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Pakistan seeks 'new beginning' with India: Basit
 
 
 
Pakistan seeks \'new beginning\' with India: Basit

NEW YORK  - Pakistan would like to make a 'new beginning' with India and would engage with whosoever comes to power after the elections in an effort to develop better relations, particularly on bilateral trade, High Commissioner Abdul Basit has said.
"We are very interested in the stability and peace of this region," he said in an interview with The Wall Street Journal in Mumbai.
The interview took place amid intense controversy over Pakistan's Interior Minister Chaudhry Nisar Ali Khan's tough anti-India statement. Pakistan, Basit told the American newspaper, was eager to work with whoever forms a new government in India. "We hope whoever the new government is in New Delhi, we can engage quickly and comprehensively and meaningfully."
"Our Prime Minister Nawaz Sharif’s vision is very clear. We are very interested in the stability and peace of this region. Our priority is the socioeconomic development of Pakistan. The relationship with India is particularly important because of the long history of war."
Asked about Pakistan's view of Narendra Modi, the BJP's prime ministerial candidate, Basit said, "We have no view of that. It would be like jumping the gun. We will willingly and readily engage with the new government, whoever heads it."
Replying to a question, the Pakistani envoy said trade is the number one area where both of the countries could work together. Both sides, he said, could reduce their list of items on which tariffs were imposed. And both sides could reduce non-tariff barriers to trade, including visa regimes, banking facilities and communication issues.
About visa arrangements between India and Pakistan, Basit said, "I think we need to liberalize. I think the ideal situation would be where people can get a visa quickly. Right now diplomats can’t leave without prior permission. I can’t go to Gurgaon from Delhi without prior permission."
Asked about India's activities in Afghanistan, the high commissioner said, "It is not for Pakistan to tell them what kind of relationship they want. For us, the peace and stability of Afghanistan is very important. Whatever is good for Afghanistan is good for Pakistan."
PAKISTAN READY TO WORK WITH MODI: AZIZ
Monitoring Desk adds: Pakistan is ready to talk to any government elected by the Indian voters, including one headed by Narendra Modi, PM Nawaz Sharif’s advisor on security and foreign affairs Sartaj Aziz told Hindustan Times.
“We are ready to do business with any leader, including Modi,’’ Aziz said in a telephone interview from London.
Aziz’s comments are significant since they come a day after Army Chief General Raheel Sharif’s remarks, where he referred to Kashmir as Pakistan’s ‘jugular vein’.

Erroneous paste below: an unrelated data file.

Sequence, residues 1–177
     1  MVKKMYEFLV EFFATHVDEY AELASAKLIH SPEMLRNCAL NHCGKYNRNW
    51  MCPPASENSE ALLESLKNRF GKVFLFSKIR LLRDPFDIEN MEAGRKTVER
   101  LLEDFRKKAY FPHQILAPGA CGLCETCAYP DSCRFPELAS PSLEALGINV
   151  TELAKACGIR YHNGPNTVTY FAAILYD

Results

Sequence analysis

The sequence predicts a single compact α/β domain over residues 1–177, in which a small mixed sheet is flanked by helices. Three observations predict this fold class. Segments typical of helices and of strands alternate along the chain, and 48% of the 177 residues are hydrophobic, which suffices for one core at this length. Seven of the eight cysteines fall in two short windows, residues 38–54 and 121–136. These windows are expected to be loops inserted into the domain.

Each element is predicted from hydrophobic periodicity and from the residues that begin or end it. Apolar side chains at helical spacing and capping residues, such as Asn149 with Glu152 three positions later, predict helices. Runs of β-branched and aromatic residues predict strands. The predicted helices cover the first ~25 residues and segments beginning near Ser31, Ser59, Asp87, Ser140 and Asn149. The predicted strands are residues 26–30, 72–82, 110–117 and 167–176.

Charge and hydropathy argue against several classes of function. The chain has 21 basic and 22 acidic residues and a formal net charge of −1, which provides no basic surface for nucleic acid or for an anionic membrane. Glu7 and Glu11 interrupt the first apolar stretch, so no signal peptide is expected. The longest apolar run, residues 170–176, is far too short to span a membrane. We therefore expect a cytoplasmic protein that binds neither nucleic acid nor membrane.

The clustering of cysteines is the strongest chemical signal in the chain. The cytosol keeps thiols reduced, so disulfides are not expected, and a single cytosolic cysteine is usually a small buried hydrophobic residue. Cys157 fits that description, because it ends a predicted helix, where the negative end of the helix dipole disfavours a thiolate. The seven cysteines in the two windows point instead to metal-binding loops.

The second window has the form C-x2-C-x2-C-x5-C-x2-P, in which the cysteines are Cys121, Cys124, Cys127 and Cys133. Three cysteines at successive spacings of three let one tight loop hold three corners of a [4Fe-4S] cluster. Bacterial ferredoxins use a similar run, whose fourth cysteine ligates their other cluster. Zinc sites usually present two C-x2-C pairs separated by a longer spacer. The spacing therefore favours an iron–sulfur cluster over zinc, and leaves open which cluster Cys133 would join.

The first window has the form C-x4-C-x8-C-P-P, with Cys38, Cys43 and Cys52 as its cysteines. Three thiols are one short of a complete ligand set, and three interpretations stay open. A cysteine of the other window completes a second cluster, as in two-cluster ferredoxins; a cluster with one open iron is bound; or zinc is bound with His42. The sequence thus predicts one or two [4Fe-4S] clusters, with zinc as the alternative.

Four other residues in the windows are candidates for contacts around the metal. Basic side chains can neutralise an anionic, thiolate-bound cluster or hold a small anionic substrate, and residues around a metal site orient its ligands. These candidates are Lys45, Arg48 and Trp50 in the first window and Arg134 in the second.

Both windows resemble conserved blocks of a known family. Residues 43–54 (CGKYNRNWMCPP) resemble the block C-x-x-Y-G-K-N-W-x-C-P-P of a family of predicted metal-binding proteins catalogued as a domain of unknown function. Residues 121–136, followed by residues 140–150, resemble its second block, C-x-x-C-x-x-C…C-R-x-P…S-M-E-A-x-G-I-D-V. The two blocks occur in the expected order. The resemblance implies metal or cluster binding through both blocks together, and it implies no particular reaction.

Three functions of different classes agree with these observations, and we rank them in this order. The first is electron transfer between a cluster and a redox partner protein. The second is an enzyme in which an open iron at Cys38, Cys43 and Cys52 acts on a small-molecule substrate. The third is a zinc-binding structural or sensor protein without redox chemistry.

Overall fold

On Wednesday, Sharif had claimed that Kashmir was an internationally-recognised dispute that needed to be resolved in accordance with the wishes of Kashmiris and in line with the United Nations’ resolution for lasting peace in the region.
The army chief’s comments were viewed by Indian strategic experts as a signal by the Army to the civilian leadership on the Kashmir issue, but when asked, Aziz denied this.
“That is our standing position. Kashmir is an issue that both Pakistan and India need to negotiate and remains on the dialogue table but if statements are made during the course of your elections about Kashmir being an atoot ang (integral part) of India, there will be reactions and responses,” Aziz said.
Backing his statement that indicated Pakistan’s willingness to work with Modi, Aziz emphasised that the last time there was any real progress between the two neighbours was “under a BJP-led government with Vajpayee as PM.’’
Vajpayee, in 1999, had undertaken a bus journey across the Wagah border to Lahore when Nawaz Sharif was the PM of Pakistan.
The two had signed the Lahore declaration in which both countries committed themselves to ‘’intensify their efforts to resolve all issues, including the issue of Jammu and Kashmir’’. In the declaration, both also agreed to confidence-building measures in the nuclear and conventional military fields.
Reiterating his government’s desire for normalising ties with India, Aziz said, “Peace with India was Nawaz Sharif’s poll plank and he launched his peace mission immediately after becoming the PM. In fact, he told me that he was taking up peace as a poll issue so it will help him once he comes to power. We had a good start with Manmohan Singh and now look forward to restarting the dialogue once a new government is in place in Delhi.

 
 
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